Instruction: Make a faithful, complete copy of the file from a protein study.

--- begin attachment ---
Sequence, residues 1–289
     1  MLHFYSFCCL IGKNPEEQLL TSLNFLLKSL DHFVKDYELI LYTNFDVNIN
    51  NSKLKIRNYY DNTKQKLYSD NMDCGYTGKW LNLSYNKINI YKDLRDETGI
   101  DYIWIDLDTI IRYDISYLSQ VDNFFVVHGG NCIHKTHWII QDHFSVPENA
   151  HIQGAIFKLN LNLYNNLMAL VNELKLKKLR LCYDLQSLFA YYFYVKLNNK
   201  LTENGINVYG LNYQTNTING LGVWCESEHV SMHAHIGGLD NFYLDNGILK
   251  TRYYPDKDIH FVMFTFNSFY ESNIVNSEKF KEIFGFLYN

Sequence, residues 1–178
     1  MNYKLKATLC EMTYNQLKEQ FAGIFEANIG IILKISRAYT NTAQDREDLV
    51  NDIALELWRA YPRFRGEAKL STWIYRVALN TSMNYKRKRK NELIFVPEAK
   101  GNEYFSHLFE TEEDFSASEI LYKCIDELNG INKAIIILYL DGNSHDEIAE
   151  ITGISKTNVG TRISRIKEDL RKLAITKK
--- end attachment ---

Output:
Sequence, residues 1–289
     1  MLHFYSFCCL IGKNPEEQLL TSLNFLLKSL DHFVKDYELI LYTNFDVNIN
    51  NSKLKIRNYY DNTKQKLYSD NMDCGYTGKW LNLSYNKINI YKDLRDETGI
   101  DYIWIDLDTI IRYDISYLSQ VDNFFVVHGG NCIHKTHWII QDHFSVPENA
   151  HIQGAIFKLN LNLYNNLMAL VNELKLKKLR LCYDLQSLFA YYFYVKLNNK
   201  LTENGINVYG LNYQTNTING LGVWCESEHV SMHAHIGGLD NFYLDNGILK
   251  TRYYPDKDIH FVMFTFNSFY ESNIVNSEKF KEIFGFLYN

Sequence, residues 1–178
     1  MNYKLKATLC EMTYNQLKEQ FAGIFEANIG IILKISRAYT NTAQDREDLV
    51  NDIALELWRA YPRFRGEAKL STWIYRVALN TSMNYKRKRK NELIFVPEAK
   101  GNEYFSHLFE TEEDFSASEI LYKCIDELNG INKAIIILYL DGNSHDEIAE
   151  ITGISKTNVG TRISRIKEDL RKLAITKK